Louis Blake Duff – an email exchange

(The DA issue is here.)

Good afternoon Elke:

And thanks for your interest in my interest!

It’s a long story but I will try to condense.

My name is Heather Volz Sanders and Cory Sanders is my son. Someone sent me an article from the Welland (Ontario) Tribune way back in August of 2003 written by Peter Saracino entitled “In Search of Louis Duff.” He wanted to write about my grandfather and was looking for people to contact him. At that time my mother, one of his two daughters, Elizabeth Duff Volz, was still alive in Victoria, British Columbia and I was hoping he would be able to talk to her. I did contact Mr. Saracino but never heard back so I didn’t believe the project went through.

My son, Cory loves to research his family on the Internet especially since his great grandfather, Dr. Louis Blake Duff was somewhat of a celebrity. He FOUND your Devil’s Artisan while “googling” Pop Duff’s name and he ordered and received it this past April. He brought his copy this past week while he and his family visited with us I saw and read the excellent article by Peter Saracino including a picture of my grandparents’ grave stones. Until I saw that picture (which I had never seen before) I did not know where they were buried. The picture of Pop’s winter home is a photo I had never seen before so that is a treasure as well. I have hundreds of photos but not this particular shot. But he also had a gorgeous summer country estate, Cooneen Cross and I visited there (now owned by a Heritage Foundation and called St. Johns Centre) this past May (I have been in Texas for 42 years having married a Texan) because both my parents are buried at this beautiful location.

The rest of the family NEEDS to own this lovely tribute to my grandfather hence the 12 copies. My mother was the last of the children to pass away – May 21, 2005 and her Memorial Service was held at St. Johns Centre on September 10, 2005. There is a niece in Ontario, 2 grandchildren in Ontario, 1 in BC, 1 in Nova Scotia, 1 (me) in Texas, a great grandson who is an actor in LA, a great grandson, Duff Gibson, a Canadian Gold Medalist for Canada in Calgary, 2 grand nieces in Ontario, 1 grand nephew in BC and then the 12th copy for the current caretakers living at Pop’s former summer home at St. Johns Centre.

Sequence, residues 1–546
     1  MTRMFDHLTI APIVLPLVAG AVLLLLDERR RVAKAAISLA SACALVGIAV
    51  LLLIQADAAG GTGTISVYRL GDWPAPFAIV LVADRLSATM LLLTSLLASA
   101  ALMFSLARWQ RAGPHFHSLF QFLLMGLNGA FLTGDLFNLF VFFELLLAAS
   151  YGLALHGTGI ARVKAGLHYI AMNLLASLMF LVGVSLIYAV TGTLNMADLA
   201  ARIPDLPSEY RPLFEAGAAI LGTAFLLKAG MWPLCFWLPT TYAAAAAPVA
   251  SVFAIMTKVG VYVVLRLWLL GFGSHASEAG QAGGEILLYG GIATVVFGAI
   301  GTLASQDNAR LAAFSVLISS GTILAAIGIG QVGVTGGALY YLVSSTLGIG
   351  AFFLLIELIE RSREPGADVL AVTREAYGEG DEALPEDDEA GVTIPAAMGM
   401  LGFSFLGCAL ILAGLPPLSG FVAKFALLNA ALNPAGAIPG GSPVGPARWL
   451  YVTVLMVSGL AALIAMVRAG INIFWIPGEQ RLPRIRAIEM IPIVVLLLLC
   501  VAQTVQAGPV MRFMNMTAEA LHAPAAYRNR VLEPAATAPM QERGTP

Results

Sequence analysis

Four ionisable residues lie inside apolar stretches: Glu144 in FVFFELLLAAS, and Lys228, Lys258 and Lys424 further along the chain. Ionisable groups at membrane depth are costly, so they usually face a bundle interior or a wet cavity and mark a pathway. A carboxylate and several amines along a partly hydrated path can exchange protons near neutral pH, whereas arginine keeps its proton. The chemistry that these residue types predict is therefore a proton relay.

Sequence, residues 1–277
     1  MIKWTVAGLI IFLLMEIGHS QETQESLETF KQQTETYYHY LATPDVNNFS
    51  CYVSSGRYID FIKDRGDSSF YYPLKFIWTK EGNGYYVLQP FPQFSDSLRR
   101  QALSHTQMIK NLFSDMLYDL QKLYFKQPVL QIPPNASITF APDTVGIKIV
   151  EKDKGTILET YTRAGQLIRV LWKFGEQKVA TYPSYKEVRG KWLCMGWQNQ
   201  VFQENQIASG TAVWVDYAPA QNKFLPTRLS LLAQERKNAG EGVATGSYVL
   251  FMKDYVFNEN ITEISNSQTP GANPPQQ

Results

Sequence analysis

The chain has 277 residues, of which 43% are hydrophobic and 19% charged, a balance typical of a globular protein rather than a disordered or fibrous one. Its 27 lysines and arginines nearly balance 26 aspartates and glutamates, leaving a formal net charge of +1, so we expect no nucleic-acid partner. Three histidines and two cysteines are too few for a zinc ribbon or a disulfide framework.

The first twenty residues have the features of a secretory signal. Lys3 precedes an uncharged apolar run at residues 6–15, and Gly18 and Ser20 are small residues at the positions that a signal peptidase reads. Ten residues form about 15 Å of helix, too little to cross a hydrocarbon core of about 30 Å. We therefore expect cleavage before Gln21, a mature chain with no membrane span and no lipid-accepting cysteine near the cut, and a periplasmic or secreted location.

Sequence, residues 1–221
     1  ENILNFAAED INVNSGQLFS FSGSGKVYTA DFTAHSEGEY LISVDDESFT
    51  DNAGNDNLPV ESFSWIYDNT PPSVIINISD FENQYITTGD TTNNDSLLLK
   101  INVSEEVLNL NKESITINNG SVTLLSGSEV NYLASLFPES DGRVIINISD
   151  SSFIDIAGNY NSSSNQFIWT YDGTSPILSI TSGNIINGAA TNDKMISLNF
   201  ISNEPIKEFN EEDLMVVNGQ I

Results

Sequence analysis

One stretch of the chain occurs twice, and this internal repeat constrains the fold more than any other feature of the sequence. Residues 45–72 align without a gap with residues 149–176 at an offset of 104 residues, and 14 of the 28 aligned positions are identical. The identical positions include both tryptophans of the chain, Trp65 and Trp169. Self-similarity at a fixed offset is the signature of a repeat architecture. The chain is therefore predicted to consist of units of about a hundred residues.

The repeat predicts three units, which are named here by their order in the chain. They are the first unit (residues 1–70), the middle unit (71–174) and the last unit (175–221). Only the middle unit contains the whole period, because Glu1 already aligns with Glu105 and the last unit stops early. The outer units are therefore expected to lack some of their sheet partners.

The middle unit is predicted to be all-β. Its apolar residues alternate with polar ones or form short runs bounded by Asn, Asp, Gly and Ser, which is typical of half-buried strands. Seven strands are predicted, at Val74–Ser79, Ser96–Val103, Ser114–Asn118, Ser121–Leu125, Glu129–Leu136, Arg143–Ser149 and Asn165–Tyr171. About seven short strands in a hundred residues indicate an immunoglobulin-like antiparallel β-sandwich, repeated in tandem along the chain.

So that’s my interest – Peter’s wonderful article that my son happened to find on the Internet (thankful for modern technology) will be passed on to Pop’s remaining family.

We think our grandfather was pretty special and it was a most pleasant surprise to see in print that someone else thought so too and wrote it down. — Heather Sanders


To Heather Volz Sanders

Hi Heather:

This is in regard to Louis Blake Duff.

My husband and I have recently been blessed with the opportunity to live in and manage the property once known as Cooneen Cross. As we gaze upon the property and live in this home we wonder what kind of a man Louis was. He must have had some special insight and artistic talent to create such a haven. In particular, one of our sons, named Sheldon, worked here this past summer before we moved in. He commented on some old photos of the property and, being an artist himself, was excited to see the iron work and stone work throughout the property shown in the photos. We have also seen photos of the Italian garden by the stream. I suppose you also have copies of those photos. I would love to dialogue with you more about your grandfather. When visitors come here to visit I explain that Louis Blake Duff bought this property and owned it from 1928 to 1953, during which time he did much/all of the stonework on the property. I would be interested to know how much of the property development was before your grandfather purchased it. For example, was the stone bridge there before Louis came here or did he have it built? I also understand he had 4 or 5 full time gardeners. Please advise me if this number is incorrect.

Please email me and we can talk further about your grandfather.


Norma Lisoy, St. Johns Centre

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The Devil's Artisan is remarkable in Canadian publishing in that most of the physical production of our journal is completed in-house at the shop on the Main Street of Erin Village. We print on a twenty-five inch Heidelberg KORD, typically onto acid-free Zephyr Antique laid. The sheets are then folded, and sewn into signatures on a 1907 model Smyth National Book Sewing machine.

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